Video games are generally not the most inclusive. I’ve heard a lot of people say any representation is good representation, I’m not sure I fully agree. One of the most prominent methods game developers use to represent the LGBTQ+ community that I’ve seen is use of the F slur to illustrate that the character is in fact a bigot. The funny thing is that it’s always in quotation marks, with that same old excuse, ‘It’s a character’s words, not the publishers’. In a creative piece, it honestly isn’t good enough, especially when you could just exclude or write around. It’s like these people who write deep and complex characters for a living don’t know how to represent without being offensive.
There is a general lack of fleshed out LGBTQ+ characters in mainstream games, particularly in story-driven ones. Though, there will always be something entertaining in bigots playing contemporary MMO’s like Overwatch, getting mad because a character isn’t straight. This is a really great step forward from gaming curators. It also casts a lot of shame on the heavy hitters of single player RPGs, as these characters in MMOs are normally picked on aesthetic and play style, with their backstory usually a bit of a mute point. If a game like that can make the effort of writing in more inclusive backstories, then what excuse do these games have that pride themselves on rich narrative and ‘deep’ characters.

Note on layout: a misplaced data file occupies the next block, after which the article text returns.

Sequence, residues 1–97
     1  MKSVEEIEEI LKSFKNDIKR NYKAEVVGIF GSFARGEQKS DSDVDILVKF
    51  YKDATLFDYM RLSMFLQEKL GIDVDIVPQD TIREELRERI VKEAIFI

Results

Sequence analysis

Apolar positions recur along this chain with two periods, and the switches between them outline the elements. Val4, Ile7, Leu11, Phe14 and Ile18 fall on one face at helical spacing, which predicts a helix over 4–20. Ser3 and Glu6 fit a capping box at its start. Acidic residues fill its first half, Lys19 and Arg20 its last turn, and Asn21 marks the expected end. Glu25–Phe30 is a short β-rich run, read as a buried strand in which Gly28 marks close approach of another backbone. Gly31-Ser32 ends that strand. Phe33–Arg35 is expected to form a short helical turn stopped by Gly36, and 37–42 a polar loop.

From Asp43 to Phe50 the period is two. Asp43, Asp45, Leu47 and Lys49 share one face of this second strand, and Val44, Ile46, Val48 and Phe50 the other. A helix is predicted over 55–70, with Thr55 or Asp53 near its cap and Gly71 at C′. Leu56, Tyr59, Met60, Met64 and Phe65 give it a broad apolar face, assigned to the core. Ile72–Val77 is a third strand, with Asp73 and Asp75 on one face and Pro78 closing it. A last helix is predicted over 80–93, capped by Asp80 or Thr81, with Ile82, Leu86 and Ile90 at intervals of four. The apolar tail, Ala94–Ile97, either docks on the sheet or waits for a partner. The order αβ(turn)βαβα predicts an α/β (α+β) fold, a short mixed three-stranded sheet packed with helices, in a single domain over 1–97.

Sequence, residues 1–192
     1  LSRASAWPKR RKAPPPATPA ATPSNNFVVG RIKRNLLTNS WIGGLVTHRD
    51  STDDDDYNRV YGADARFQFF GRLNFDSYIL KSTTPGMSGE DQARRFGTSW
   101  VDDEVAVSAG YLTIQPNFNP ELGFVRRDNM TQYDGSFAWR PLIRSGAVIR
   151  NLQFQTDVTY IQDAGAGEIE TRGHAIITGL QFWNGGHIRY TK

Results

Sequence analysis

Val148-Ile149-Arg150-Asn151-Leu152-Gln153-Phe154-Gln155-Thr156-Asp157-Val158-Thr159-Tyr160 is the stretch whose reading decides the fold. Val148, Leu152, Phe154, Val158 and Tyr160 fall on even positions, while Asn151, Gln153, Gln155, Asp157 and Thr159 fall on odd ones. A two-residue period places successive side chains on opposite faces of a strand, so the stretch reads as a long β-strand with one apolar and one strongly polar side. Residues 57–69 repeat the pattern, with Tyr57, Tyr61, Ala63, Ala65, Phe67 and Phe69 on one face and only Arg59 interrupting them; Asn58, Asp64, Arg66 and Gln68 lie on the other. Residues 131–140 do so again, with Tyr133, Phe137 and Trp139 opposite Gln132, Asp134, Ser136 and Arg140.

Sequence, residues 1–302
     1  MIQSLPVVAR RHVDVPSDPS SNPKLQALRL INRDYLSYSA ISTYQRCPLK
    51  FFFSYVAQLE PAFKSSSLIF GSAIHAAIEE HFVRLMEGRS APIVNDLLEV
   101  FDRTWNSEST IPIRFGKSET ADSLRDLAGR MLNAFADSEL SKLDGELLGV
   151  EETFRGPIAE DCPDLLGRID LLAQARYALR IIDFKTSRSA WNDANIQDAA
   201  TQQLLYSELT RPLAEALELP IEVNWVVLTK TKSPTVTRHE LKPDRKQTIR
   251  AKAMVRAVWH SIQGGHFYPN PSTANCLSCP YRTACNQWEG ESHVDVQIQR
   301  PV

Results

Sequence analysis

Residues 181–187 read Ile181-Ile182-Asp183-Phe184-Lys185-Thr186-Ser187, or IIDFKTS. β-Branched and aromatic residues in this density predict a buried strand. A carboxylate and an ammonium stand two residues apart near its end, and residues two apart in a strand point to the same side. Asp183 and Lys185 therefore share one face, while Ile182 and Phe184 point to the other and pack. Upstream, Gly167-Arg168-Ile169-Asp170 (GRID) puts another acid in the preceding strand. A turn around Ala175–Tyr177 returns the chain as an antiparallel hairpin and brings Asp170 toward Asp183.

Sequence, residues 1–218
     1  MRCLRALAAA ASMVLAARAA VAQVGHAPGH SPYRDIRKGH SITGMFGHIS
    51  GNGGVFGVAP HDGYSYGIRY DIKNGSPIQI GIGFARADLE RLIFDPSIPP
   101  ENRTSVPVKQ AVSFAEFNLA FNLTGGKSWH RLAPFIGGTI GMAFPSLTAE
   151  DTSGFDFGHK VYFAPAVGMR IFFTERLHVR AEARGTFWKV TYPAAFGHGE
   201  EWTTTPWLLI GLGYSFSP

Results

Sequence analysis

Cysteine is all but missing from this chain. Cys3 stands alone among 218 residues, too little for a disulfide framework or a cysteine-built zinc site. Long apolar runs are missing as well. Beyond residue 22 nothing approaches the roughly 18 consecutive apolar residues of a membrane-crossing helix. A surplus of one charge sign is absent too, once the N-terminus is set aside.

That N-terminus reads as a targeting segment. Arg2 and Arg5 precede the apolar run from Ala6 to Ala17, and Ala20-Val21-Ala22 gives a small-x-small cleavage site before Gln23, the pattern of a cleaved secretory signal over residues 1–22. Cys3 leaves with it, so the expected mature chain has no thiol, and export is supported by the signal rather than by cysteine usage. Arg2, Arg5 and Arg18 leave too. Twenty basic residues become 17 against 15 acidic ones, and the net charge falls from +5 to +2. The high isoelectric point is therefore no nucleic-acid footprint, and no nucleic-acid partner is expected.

The bar is so low, especially when it’s free to be mutual on the subject. Take, for example, Skyrim. This game, released in 2011, had a romance mechanic that was clearly thrown in like an afterthought. For any eligible marriage candidate, all you have to do to win them over is to complete their personal quest and talk to them while wearing a funky amulet, doesn’t matter what kind of pairing it is. How has it been 8 years and yet, in general, game publishers find it easier to be offensive than not?
One tiny shining light of progression was the Mass Effect series between 2007 and 2012 – because, let’s be honest, Andromeda was the video game equivalent of eating literal garbage. For the time, those games came a long way in terms of LGBTQ+ representation. The romance evolved from heteronormative in 1 to including multiple gay characters in 3, with smatterings of implied sexuality. I guess I’m just saddened a bit that the only relief I’ve been exposed to is just a small portion of gaming that I enjoy, especially when I know for a fact that the LGBTQ+ community is under-represented in the gaming industry. It’s not hard to do better.